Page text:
EU RULES SUMMARY UPDATED 11TH APRIL 2007
(FOR ROAD TRANSPORT DIRECTIVE REGS SEE WTD RULES SUMMARY)
|A WEEK||00.00 HRS ON MONDAY TO 24.00 HRS ON SUNDAY|
|DAILY DRIVING LIMIT||9 HOURS MAY BE INCREASED TO 10 HOURS TWICE A WEEK |
|DAILY REST PERIOD|
11 CONSECUTIVE HOURS OF REST IN ANY 24 HRS. (CAN BE REDUCED TO 9 HRS 3 TIMES A WEEK )
|SPLIT REST||MAY BE TAKEN IN THE FORM OF TWO PERIODS - ONE OF 3 HOURS DURING THE DAY, AND ONE OF 9 HOURS OVERNIGHT |
|DOUBLE-MANNED|| DURING EACH PERIOD OF 30 HRS BOTH DRIVERS MUST HAVE A REST PERIOD OF AT LEAST 9 CONSECUTIVE HRS. |
|CONTINUOUS DRIVING / BREAKS||YOU MUST TAKE A BREAK OF AT LEAST 45 MINUTES FOLLOWING ANY PERIOD OF CONTINUOUS OR ACCUMULATED DRIVING TIME WHICH TOTALS 4½ HOURS UNLESS YOU BEGIN A DAILY OR WEEKLY REST. YOU MAY IF PREFERRED SPLIT THIS INTO TWO PERIODS, THE FIRST OF A MINIMUM OF 15 MINUTES, FOLLOWED BY A SECOND OF A MINIMUM OF 30 MINUTES. A BREAK MAY BE CLAIMED WHILST IN THE PASSENGER SEAT OF A MOVING VEHICLE. WHILST ON A BREAK YOU CAN NOT DO ANY WORK CONNECTED WITH THE VEHICLE. (SEE WTD RULES SUMMARY)|
|WEEKLY DRIVING LIMIT ||A WEEKLY DRIVING TIME LIMIT OF 56 HOURS IS SET|
WITHIN SIX 24 HOUR DRIVING PERIODS FROM THE END OF THE LAST WEEKLY REST PERIOD, A DRIVER WILL EXTEND A DAILY REST PERIOD INTO EITHER: A REGULAR WEEKLY REST PERIOD OF AT LEAST 45 HOURS, OR A REDUCED WEEKLY REST OF LESS THAN 45 HOURS BUT AT LEAST 24 HOURS. IN ANY TWO CONSECUTIVE WEEKS, A DRIVER SHALL TAKE AT LEAST TWO REGULAR WEEKLY REST PERIODS, OR ONE REGULAR AND ONE REDUCED WEEKLY REST PERIOD OF AT LEAST 24 HOURS. HOWEVER, THE REDUCTION SHALL BE COMPENSATED BY AN EQUIVALENT PERIOD OF REST TAKEN EN BLOC BEFORE THE END OF THE THIRD WEEK FOLLOWING THE WEEK IN QUESTION. (THIS COMPENSATION MAY BE ADDED TO A DAILY OR WEEKLY REST PERIOD).
|FORTNIGHTLY DRIVING LIMIT|| 90 HRS.|
|DUTY LIMITS||THERE ARE NO DUTY LIMITS AS SUCH. HOWEVER THE DAILY REST REQUIREMENTS LIMIT THE NUMBER OF HOURS A DRIVER CAN WORK (SEE WTD RULES SUMMARY)|
13 HOURS OR UP TO 15 HOURS 3 TIMES A WEEK
15 HOURS IF SPLIT REST IS TAKEN
21 HOURS IF DOUBLE - MANNED
CHANGES TO EU DRIVING RULES - 20TH AUGUST 2020
The changes to EU driving rules came into effect on 20th August 2020 as a result of Regulation (EU) 2020/1054 of the European Parliament and European Council dated 15th July 2020.
A summary of the key changes are as follows:
A requirement for drivers to "return home" every 4 weeks.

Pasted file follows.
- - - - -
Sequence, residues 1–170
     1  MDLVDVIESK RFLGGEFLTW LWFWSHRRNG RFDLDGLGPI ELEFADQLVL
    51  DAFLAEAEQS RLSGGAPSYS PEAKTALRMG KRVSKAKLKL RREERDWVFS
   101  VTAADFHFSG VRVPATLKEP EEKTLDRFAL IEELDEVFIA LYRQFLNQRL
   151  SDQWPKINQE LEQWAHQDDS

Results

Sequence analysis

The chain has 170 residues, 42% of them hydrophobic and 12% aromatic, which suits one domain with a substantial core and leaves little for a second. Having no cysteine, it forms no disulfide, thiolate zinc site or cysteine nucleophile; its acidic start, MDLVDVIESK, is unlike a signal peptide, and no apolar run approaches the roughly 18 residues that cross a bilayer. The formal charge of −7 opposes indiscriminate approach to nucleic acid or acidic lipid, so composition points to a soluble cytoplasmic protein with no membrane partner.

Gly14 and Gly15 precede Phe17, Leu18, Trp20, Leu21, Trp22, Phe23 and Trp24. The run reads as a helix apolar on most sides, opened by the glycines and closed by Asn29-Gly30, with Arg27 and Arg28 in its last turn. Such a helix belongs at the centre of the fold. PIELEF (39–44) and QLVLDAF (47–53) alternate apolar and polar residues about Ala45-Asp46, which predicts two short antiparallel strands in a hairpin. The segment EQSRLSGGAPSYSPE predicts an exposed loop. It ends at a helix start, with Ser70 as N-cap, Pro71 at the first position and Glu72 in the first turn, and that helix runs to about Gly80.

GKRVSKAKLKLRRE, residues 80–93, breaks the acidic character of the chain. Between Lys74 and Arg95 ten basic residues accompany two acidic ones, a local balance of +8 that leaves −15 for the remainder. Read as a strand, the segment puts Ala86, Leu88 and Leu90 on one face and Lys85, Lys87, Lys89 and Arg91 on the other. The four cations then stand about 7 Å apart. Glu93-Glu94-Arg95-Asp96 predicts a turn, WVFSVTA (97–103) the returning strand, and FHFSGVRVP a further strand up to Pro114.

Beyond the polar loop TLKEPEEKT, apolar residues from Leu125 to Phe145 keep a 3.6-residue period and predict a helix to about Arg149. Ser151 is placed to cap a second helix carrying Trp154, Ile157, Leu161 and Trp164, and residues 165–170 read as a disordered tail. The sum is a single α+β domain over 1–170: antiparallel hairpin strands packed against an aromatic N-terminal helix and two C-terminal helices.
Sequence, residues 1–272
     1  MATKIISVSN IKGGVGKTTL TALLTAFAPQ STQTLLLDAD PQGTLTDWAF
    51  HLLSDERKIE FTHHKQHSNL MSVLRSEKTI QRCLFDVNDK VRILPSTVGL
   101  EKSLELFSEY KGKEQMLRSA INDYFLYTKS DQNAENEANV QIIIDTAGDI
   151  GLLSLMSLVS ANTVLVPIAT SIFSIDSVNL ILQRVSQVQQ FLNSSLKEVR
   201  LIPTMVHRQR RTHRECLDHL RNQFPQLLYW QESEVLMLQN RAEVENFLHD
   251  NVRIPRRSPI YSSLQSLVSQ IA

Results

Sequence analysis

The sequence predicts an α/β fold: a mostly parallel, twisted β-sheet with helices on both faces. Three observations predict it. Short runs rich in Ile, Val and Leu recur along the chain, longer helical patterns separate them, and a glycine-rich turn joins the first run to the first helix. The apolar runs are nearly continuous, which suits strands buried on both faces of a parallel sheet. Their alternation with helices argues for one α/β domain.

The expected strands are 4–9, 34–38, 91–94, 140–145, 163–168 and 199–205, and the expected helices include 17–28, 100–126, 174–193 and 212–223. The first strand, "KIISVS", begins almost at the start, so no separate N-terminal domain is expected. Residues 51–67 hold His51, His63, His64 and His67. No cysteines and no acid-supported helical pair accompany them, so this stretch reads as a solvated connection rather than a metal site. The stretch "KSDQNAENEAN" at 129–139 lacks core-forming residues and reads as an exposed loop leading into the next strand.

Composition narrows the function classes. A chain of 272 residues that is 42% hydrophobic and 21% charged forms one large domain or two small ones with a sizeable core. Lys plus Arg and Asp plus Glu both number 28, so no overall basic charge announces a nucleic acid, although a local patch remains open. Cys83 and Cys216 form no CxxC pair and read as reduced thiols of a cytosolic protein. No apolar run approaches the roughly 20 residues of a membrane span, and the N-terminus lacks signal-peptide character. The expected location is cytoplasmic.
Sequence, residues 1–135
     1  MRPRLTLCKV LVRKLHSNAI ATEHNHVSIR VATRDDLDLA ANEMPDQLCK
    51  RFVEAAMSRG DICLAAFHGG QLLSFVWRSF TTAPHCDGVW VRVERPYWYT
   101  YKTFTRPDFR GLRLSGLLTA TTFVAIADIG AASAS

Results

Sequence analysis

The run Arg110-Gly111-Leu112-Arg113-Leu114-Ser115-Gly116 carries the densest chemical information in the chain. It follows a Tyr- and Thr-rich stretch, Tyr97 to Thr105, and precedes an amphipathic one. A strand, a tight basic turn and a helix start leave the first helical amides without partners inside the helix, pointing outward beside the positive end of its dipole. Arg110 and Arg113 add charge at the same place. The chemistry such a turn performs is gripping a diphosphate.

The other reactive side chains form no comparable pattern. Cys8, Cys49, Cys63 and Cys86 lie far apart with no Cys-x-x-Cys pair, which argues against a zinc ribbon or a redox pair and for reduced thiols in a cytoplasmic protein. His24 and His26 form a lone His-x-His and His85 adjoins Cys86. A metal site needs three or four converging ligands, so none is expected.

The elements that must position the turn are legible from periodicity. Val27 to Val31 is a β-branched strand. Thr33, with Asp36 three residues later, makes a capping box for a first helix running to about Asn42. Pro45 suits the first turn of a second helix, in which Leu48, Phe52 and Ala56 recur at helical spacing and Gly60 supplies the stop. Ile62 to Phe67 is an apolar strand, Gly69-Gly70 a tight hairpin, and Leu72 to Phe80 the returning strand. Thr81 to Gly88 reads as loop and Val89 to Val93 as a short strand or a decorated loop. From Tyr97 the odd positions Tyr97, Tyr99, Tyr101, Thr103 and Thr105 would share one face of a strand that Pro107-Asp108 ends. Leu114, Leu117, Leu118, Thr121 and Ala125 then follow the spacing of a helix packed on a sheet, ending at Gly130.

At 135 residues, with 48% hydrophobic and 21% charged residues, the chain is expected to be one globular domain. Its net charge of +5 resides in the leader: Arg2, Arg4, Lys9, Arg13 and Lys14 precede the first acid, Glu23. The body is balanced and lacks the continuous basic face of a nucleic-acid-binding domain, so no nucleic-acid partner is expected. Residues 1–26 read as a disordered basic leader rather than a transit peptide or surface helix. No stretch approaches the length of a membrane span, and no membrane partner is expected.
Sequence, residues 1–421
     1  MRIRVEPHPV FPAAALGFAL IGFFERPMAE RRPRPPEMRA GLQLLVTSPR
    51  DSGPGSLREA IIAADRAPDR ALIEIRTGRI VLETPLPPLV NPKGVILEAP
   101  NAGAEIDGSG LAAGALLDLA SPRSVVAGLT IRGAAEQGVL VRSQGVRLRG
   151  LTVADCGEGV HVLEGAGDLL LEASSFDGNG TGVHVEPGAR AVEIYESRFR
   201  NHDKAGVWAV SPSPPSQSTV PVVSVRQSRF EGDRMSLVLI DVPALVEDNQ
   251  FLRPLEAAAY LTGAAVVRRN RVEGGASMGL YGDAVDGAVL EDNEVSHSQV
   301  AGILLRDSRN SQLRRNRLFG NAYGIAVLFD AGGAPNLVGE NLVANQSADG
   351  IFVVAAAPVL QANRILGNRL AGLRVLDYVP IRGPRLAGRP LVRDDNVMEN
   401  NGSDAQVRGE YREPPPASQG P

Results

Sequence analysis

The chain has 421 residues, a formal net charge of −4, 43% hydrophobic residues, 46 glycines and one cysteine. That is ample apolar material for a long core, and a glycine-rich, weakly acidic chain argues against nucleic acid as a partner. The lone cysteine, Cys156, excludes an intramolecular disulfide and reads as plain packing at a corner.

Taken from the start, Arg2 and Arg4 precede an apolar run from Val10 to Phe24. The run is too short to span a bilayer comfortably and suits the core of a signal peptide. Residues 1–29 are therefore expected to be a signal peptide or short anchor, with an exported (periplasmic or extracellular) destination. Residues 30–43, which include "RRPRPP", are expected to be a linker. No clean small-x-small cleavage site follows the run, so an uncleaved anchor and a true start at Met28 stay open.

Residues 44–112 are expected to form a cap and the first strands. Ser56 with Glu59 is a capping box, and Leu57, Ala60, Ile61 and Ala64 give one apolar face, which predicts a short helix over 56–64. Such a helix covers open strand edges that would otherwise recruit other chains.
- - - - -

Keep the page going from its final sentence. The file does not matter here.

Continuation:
Transport Operators should organise drivers' work in a way which enables them to return to the operating centre where they are normally based and spend at least one regular weekly rest period (or a weekly rest period of more than 45 hours in compensation for a reduced weekly rest period) at their place of residence, within each period of four consecutive weeks.
A ban on taking regular weekly rest periods in the driver's vehicle.
Drivers should take their 45 hour weekly rest in suitable accommodation away from the vehicle's cab, the cost of which is to be met by the transport operator as the employer.
Some jurisdictions have been enforcing this already and some drivers have taken to taking tents with them as a means of satisfying this requirement. This will no longer be possible given the stipulations as to the nature of the accommodation must be provided - "They shall be taken in suitable gender-friendly accommodation with adequate sleeping and sanitary facilities."
A new definiton of "non-commercial carriage".
The new definition states that this is "carriage by road, other than carriage for hire or reward or on own account, for which no direct or indirect remuneration is received and which does not directly or indirectly generate any income for the driver of the vehicle or for others, and which is not linked to professional or commercial activity".
More flexibility on the scheduling of the rest periods for some drivers on international carriage of goods.
Rest periods for drivers engaged in long-distance international goods transportation should be flexible in order to allow drivers to reach their home for their regular weekly rest periods. This flexibility should not alter the current working timeof the drivers or the maximum fortnightly driving time. It should be subject to stricter rules on the compensation for reduced rates.
The regulation says this:
Under the same conditions, the driver may exceed the daily and weekly driving time by up to two hours, provided that an uninterrupted break of 30 minutes was taken immediately prior to the additional driving in order to reach the employer's operational centre or the drivers place of residence for taking a regular weekly rest period.